This company's San Bernardino project is still in the early stage of restarting a previously producing mine. The NI 43-101 report dated December 6, 2013 reveals a large but low-grade resource estimate. The reported average Au grades, both indicated and inferred, are far below typical discoveries that later prove economical. The size of an ore body can make up for lack of grade if the market price of a metal remains high. Assuming a long term gold price of $1300/oz is a far higher estimate than gold's long term historical average price. That is a serious risk.
The 43-101 report estimates a drill program for further exploration will cost CAD$3.32M. Always remember that a company has to fully fund its estimated drill program to have any chance of establishing an enterprise valuation. Searching SEDAR reveals Castle Mountain Mining's annual financial report for the years ended December 31, 2013 and 2012 (publication date April 17, 2014). That report showed they had cash on hand of CAD$4.76M at the end of 2013. How about that, they had the cash to fund the program, even after subtracting current liabilities. The bad news is that their annual loss in 2013 was -CAD$9.4M. I'm guessing that burn rate can sustain their drill program for less than half a year; they will need to stay focused and keep other expenses down to further de-risk their project. This means no side projects or financial engineering.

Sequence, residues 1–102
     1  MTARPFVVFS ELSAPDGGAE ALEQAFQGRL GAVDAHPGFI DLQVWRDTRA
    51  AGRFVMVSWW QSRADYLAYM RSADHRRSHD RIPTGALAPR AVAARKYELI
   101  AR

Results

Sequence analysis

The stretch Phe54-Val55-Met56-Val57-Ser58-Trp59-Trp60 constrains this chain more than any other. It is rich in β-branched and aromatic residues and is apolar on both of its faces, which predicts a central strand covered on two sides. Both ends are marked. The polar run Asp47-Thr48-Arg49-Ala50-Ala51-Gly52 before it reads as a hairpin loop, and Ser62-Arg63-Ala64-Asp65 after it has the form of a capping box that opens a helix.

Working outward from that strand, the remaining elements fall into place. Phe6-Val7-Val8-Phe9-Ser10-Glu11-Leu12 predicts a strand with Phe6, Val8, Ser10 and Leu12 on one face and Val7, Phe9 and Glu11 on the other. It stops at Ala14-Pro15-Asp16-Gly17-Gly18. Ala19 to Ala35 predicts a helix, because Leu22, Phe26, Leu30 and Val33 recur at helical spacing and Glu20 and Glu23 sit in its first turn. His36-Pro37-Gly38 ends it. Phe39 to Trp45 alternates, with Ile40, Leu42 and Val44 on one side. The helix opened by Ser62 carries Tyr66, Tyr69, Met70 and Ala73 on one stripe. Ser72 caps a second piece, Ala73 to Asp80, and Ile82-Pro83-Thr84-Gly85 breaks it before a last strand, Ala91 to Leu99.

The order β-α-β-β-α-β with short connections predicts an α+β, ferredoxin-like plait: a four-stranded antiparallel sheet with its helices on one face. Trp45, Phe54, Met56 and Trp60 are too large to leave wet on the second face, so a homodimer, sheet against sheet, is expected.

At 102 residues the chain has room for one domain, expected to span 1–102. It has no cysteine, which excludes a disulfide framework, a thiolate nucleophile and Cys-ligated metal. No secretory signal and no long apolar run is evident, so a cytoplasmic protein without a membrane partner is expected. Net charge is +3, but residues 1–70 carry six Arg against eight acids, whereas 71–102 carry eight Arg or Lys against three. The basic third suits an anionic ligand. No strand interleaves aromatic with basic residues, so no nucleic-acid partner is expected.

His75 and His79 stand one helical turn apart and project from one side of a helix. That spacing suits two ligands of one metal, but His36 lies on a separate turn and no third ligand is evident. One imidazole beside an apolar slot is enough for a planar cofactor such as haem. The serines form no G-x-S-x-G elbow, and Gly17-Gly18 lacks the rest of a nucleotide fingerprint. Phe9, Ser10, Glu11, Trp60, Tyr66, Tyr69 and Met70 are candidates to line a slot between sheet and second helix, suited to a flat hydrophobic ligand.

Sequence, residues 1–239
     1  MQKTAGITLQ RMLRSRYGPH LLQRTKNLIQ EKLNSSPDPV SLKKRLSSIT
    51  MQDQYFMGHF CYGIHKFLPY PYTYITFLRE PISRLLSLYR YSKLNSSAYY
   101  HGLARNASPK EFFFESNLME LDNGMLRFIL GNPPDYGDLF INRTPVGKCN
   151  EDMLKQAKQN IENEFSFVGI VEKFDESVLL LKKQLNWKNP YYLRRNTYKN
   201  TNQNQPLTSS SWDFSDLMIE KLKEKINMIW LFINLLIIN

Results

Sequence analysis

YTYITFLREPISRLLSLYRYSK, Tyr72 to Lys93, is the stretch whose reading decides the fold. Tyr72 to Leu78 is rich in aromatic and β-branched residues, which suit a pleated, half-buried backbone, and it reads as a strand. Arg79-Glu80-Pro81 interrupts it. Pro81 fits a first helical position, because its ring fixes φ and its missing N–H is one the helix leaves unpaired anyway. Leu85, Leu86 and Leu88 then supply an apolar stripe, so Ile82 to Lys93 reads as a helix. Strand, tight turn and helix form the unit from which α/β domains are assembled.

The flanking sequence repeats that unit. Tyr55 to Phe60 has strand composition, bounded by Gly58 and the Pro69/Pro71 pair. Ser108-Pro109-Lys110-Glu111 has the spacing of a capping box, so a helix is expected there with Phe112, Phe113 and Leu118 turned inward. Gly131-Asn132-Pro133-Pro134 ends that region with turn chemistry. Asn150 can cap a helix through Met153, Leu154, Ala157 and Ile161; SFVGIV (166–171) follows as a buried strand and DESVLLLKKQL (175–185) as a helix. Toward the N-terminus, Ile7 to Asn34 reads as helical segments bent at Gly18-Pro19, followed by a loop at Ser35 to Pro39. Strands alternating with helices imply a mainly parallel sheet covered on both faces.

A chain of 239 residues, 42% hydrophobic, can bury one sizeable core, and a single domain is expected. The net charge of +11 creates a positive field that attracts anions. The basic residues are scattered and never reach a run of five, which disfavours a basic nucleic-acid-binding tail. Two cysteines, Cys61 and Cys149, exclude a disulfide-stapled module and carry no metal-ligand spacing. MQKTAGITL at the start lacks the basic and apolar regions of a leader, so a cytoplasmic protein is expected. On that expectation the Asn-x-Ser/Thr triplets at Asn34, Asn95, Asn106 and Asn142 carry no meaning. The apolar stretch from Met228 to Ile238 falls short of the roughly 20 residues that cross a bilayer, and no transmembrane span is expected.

The company's stock has been trading on the Toronto exchange for almost four years. Anyone who bought in at $0.45 back in April 2010 is still ahead, with the shares trading at $0.86 today. I cannot rule out the possibility that they will have to raise more capital and dilute existing shareholders. It is too early in the life of Castle Mountain Mining for me to invest but their chances for success will increase if they focus their burn on their Phase I drill program.
Full disclosure: No position in CMM.V at this time.